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not fall into black-and-white categories, she said. “We can speak so much about how women are this way and men are that way,” McKee said. “But I’m also seeing a lot of people who are curious about exploring their own gender[s], and exploring what that looks like to not fall into gen-

dered stereotypes.” Rachel Anders*, another student, says that assumptions aren’t necessarily true or false. “I mean, it only really took one person to get into hentai (anime porn) for it to be its own category on a porn site.” *Names have been changed

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Health and Hygiene

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Q&A with a gyno
Feminine health with obstetrician and gynecologist Dr. Michele Farrugia
By Chayonika Chandra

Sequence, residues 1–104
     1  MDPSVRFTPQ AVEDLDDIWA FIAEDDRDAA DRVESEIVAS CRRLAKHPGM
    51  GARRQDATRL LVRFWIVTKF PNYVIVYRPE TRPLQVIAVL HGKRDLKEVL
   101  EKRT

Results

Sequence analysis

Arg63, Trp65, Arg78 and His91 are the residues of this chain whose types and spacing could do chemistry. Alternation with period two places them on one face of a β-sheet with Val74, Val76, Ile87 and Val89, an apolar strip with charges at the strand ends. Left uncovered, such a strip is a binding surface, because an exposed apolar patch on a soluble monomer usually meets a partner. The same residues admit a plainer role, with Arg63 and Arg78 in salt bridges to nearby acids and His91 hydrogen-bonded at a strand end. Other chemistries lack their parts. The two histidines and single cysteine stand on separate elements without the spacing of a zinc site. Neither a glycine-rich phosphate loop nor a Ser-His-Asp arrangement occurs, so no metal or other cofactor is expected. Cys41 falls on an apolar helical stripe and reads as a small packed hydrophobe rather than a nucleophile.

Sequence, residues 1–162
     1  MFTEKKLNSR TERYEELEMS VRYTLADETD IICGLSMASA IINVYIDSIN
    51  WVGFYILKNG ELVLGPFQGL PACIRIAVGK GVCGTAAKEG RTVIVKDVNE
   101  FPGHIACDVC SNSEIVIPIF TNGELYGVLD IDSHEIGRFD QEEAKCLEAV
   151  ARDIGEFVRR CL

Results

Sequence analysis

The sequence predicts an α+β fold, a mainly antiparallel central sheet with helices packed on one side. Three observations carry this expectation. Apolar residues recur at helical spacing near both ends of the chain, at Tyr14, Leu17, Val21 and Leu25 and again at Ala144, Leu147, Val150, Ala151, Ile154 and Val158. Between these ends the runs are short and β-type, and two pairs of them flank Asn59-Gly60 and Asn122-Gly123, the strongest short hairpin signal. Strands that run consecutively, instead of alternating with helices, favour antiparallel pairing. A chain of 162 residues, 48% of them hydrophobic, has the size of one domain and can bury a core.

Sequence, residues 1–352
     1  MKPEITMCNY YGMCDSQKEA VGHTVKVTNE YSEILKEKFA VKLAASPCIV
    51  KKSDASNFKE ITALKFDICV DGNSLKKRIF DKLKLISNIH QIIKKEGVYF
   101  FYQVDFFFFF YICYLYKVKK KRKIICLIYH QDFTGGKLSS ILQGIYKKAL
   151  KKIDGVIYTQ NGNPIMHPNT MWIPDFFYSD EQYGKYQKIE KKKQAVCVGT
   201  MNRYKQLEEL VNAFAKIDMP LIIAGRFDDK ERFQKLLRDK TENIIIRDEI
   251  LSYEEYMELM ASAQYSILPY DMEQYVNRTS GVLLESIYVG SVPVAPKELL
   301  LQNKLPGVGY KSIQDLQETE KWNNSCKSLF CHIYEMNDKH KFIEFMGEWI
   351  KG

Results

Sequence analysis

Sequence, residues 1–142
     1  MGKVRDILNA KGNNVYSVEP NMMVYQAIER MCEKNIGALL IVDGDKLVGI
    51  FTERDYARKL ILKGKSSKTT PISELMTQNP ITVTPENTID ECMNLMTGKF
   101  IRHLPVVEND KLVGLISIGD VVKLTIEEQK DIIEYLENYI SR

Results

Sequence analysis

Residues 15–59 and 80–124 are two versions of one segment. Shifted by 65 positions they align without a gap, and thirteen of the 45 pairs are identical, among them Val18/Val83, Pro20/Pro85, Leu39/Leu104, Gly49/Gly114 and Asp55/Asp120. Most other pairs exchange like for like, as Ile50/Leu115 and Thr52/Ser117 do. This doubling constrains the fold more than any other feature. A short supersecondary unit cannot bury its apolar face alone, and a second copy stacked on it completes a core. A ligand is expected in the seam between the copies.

Many women are too embarrassed to talk about the issues they may have “down there” and rely on Dr. Internet to solve their problems. We sat down with a real doctor, general obstetrician and gynaecologist Dr. Michele Farrugia from Mount Sinai Hospital, to ask the questions women might have about their genitalia. Q: Is it normal to get pimple-like bumps around your area? A: A lot of women, particularly now that shaving and waxing is so popular, often get skin rashes from little ingrown hairs. That’s what most of [the red bumps] are. Usually with ingrown hairs, it would be a tiny little red bump that might be slightly sore. If you use a loofah sponge or something similar, it keeps the hair growing out so it doesn’t get covered by skin. It’s dangerous if it leads to an infection or a cyst but that’ll be pretty painful, so you’ll know. Q: Why can sex continue to be painful after your first time? A: Sex is usually painful the first time around for most people but if it is always painful, then there is a problem. Someone should go see a physician in order to figure out why it’s so painful. There are many different reasons why sex might be painful. One is vaginismus, which is where the muscles around the vagina tighten up — usually involuntarily. There are exercises people can do to overcome [it]. Sometimes I send people to see a physiotherapist who specializes in the pelvic floor to help. You can also use vaginal dilators which are essentially dildos or vibrators. Q: Why does it itch down there? A: If you’re having vaginal itching, you need to go see your doctor. It is usually related to an infection, so maybe a yeast infection or another kind. There are a number of different dermatologic conditions that can affect the skin. Q: Thoughts on sex and periods? A: There’s nothing wrong with having sex during your period. Q: How much discharge is considered normal or ‘too much’? A: Generally, if someone is bothered by the amount of discharge, it [should be] investigated. If you aren’t bothered by it, then don’t worry about it. Different women produce different amounts of discharge so what is normal for one woman might be abnormal for another woman. Q: What happens if you leak urine before, after or during sex? A: Nothing — urine leakage is not necessarily a bad thing. There are lots of different reasons as to why people leak urine under different circumstances. A little bit of incontinence can be related to problems people might face with the pelvic floor and relaxation. It could just be related to a full bladder or pressure on the bladder causing people to leak but it doesn’t mean anything particularly bad.